When we allow the Provincial Governments to pick a pie from the private pocket of an individual citizen, we should see to it that it is obtained only willingly, and that every pie that we drawn from the pocket of a private individual must ultimately go back to him either in the shape of services rendered to that individual or in the shape of an enhanced sum returned to him. Today in India hundreds of taxes are being realised, and the people do not really get any substantial benefit out of these taxes, either in the shape of additional 'prosperity' which they are told to expect from Government or any other kind of service. 'Whatever little service the State renders here in India is a. further charge on the people. For instance, there are the railways which is an amenity given to people, but then it is run on a commercial basis and people are to pay for it. The telegraphs, the Post Office, the canals and everything else which go as services, we make extra charges for them. The State renders no free service to the people except a few dozes of quinine mixtures mixed with water that the State gives free to some poor people. Otherwise even doctors charge their fees and treat the people on payment. So we see that the State is not actually rendering any free service except that we are giving our citizens a psychological satisfaction to enjoy in their belief that they are a free people. They do not know what is the value of freedom. State justifies taxation on the plea that it defends the borders against wars. Wars never come alone, and when a war comes, it brings an extra tax along.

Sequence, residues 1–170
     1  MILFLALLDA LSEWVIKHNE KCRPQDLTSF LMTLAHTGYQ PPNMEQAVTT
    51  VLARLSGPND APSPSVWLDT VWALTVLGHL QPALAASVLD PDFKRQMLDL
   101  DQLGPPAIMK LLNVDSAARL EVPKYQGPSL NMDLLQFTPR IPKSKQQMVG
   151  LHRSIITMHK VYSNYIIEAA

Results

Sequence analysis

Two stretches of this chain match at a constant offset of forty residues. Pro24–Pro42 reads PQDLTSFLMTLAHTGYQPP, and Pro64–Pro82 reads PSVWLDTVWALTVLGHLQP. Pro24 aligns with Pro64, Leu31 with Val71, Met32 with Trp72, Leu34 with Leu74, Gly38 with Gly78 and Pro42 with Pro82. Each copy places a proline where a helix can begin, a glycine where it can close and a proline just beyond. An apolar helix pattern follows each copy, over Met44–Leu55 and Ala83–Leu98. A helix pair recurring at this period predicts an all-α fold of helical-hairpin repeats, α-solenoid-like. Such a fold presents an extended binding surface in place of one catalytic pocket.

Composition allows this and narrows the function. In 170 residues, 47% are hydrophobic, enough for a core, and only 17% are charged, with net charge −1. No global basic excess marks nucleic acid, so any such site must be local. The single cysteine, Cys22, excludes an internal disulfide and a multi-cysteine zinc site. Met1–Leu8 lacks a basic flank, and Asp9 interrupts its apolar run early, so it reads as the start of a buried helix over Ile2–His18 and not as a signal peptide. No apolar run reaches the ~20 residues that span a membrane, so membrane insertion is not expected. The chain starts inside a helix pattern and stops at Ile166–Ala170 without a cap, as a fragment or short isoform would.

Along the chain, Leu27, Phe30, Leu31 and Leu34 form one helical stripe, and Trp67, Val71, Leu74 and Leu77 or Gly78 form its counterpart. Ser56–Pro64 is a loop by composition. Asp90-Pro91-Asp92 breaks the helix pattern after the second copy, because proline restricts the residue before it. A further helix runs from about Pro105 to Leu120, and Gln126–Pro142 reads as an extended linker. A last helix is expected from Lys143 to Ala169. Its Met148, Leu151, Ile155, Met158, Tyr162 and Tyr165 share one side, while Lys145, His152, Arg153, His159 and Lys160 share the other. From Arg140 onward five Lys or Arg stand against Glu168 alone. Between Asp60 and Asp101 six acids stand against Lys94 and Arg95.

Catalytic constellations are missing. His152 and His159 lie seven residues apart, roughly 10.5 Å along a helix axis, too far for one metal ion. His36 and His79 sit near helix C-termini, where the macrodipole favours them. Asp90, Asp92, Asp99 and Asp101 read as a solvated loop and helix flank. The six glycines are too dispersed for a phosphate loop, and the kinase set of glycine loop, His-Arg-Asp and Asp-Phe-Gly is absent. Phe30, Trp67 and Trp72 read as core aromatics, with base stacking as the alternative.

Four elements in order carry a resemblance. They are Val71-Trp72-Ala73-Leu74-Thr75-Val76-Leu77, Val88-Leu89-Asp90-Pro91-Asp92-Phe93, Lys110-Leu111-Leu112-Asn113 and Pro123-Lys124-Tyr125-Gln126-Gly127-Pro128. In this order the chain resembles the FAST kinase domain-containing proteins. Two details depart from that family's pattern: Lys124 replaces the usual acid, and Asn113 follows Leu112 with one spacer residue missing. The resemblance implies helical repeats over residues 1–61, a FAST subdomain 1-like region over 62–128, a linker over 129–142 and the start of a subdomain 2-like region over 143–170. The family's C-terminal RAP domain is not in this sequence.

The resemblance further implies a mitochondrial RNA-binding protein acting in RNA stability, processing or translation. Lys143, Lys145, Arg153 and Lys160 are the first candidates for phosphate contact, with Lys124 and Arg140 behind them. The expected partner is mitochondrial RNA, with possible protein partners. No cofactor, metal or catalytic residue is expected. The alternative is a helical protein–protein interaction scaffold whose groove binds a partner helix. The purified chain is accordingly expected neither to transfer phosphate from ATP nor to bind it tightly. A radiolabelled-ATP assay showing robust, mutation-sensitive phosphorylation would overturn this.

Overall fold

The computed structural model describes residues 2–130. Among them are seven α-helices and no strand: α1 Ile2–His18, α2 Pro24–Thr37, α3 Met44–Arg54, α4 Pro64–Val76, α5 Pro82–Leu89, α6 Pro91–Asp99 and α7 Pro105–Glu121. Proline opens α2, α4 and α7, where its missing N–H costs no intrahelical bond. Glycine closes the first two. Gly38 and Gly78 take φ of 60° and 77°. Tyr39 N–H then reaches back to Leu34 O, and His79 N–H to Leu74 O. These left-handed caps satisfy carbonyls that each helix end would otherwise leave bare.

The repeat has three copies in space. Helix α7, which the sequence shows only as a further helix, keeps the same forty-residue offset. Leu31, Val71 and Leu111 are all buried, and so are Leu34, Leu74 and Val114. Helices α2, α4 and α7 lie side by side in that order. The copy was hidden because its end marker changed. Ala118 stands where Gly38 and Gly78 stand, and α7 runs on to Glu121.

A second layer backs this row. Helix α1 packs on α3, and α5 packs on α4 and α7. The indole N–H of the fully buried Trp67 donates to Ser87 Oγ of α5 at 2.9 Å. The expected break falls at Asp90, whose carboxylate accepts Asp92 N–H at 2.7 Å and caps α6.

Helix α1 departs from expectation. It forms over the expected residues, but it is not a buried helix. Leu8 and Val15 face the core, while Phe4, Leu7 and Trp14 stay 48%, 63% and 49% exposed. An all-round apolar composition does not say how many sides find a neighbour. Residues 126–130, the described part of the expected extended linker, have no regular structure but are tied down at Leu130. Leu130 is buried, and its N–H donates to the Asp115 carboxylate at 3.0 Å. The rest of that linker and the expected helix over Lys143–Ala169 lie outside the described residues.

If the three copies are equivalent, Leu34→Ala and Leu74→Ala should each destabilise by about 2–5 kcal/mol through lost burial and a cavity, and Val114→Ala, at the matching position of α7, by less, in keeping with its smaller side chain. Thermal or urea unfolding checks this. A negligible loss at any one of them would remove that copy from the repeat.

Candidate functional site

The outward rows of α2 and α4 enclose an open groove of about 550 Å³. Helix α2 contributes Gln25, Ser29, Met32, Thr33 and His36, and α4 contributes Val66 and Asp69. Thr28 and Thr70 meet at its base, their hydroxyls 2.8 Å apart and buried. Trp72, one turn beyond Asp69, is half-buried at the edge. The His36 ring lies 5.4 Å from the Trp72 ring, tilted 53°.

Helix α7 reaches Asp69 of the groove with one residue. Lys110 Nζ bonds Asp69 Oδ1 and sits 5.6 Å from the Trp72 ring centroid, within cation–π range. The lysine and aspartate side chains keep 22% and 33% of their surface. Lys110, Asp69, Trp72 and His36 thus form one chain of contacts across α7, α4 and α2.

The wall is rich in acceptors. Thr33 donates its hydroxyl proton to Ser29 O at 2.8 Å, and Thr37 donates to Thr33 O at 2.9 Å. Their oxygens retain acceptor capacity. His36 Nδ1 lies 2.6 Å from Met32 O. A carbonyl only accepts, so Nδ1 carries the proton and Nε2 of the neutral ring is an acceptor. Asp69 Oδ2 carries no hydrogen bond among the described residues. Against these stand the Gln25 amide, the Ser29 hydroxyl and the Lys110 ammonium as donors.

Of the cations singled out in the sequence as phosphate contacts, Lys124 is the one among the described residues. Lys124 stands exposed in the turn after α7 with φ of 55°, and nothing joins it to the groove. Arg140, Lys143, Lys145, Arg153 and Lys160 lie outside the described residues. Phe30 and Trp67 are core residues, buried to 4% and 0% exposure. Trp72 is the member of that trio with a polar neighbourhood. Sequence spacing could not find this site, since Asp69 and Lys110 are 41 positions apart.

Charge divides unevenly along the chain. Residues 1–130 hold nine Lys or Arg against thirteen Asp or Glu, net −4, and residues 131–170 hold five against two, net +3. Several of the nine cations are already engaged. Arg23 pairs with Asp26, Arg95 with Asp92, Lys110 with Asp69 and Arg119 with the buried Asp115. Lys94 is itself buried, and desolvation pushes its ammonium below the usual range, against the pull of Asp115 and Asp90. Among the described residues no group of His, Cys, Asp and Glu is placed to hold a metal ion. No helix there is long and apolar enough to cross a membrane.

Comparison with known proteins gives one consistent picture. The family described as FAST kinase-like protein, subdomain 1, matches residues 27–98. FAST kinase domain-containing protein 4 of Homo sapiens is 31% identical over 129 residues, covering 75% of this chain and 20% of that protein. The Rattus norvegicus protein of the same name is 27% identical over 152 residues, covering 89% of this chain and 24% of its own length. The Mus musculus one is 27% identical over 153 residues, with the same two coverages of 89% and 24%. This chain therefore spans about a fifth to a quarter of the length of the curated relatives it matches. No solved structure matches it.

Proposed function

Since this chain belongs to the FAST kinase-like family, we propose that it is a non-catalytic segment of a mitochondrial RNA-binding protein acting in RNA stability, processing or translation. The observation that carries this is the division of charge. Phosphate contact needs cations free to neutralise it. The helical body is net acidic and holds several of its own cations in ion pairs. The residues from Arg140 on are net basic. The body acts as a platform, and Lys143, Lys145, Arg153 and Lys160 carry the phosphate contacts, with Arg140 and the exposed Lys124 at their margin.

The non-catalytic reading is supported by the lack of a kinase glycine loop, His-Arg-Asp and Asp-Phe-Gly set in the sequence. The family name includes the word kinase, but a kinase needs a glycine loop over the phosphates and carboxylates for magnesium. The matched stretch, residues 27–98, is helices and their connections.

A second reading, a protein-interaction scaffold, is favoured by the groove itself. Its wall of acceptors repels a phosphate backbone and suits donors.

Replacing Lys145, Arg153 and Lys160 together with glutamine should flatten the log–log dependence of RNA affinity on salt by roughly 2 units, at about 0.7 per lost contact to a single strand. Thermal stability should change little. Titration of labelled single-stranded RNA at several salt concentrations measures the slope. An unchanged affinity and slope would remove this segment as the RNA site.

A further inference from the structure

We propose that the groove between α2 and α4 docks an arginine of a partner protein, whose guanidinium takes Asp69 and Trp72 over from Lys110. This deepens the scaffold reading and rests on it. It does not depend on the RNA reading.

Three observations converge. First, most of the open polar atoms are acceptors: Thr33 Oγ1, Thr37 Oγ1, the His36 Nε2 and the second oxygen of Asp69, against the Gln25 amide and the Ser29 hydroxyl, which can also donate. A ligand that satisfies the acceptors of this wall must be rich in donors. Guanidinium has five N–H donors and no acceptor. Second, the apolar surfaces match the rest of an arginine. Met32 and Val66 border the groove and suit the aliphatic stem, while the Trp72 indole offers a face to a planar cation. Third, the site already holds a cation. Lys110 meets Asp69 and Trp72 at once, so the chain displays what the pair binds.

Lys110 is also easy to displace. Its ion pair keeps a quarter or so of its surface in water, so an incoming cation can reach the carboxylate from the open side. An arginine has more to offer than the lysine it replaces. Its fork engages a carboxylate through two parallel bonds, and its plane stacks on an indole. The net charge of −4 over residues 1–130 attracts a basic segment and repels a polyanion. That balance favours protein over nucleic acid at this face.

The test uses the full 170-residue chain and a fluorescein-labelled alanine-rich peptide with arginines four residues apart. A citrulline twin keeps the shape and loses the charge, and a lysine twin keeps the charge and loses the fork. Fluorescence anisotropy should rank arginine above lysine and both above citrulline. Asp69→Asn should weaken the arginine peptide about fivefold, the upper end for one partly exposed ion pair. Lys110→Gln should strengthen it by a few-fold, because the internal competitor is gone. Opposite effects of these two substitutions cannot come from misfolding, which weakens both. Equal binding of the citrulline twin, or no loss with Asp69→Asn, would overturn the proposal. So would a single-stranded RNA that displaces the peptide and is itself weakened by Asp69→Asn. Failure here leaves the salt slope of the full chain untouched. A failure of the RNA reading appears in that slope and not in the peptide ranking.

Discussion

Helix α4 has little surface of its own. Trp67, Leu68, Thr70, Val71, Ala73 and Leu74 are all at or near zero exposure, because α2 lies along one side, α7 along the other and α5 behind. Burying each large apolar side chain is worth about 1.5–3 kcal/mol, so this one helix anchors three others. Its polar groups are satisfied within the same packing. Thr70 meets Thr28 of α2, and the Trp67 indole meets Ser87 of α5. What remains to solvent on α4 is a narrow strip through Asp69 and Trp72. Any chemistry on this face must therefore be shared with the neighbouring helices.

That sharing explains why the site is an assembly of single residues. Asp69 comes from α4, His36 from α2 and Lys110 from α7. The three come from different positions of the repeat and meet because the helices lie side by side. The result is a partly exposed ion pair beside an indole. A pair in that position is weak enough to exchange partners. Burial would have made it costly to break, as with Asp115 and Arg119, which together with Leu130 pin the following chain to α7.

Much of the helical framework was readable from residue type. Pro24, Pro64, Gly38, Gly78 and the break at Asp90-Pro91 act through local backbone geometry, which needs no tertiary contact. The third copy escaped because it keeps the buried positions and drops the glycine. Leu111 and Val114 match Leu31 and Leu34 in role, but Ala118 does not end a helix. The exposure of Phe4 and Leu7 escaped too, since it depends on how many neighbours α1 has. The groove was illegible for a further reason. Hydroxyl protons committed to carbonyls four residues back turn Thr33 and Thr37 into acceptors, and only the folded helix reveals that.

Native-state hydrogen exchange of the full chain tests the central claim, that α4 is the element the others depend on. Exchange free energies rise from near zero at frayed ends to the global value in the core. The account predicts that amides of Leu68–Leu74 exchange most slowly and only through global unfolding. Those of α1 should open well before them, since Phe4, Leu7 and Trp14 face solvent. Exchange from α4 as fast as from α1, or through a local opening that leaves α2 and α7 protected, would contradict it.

Now I submit that the taxes we get from the private individuals do not go back to them. If the Provincial Governments are permitted to realize sales tax, it is for them to see that they also enhance the prospects of commerce and bring about general prosperity among those people who are. engaged in commerce. Now, what service do they render to the shop-keepers and those persons who, either purchase or sell ? They render no service to them. Have they created any new markets or given any facilities ? What for is this tax ? When various taxes were enumerated in the list of provincial subjects. it was considered that the sales tax was a sort of minor help to the provinces, for their revenues were static and there was no chance for raising them. The provinces mostly depended on their land revenue which is more or less fixed for a number of years. Therefore, with the increased activities of the provincial Governments it was thought better to give them some margin of extra revenue to balance their budgets.
Now, Sir, they got a little margin in the shape of this sales tax. As I see things, within a few years, the situation is totally changed. The sales tax is becoming a major source of revenue, even bigger than what their main sources of revenue used to be. In my province, previous to the war, the total revenue was hardly 13 crores or so; now, it is nearing 55 crores. These other taxes which the provinces have levied, over and above their main source of revenue are also taxes from the same people.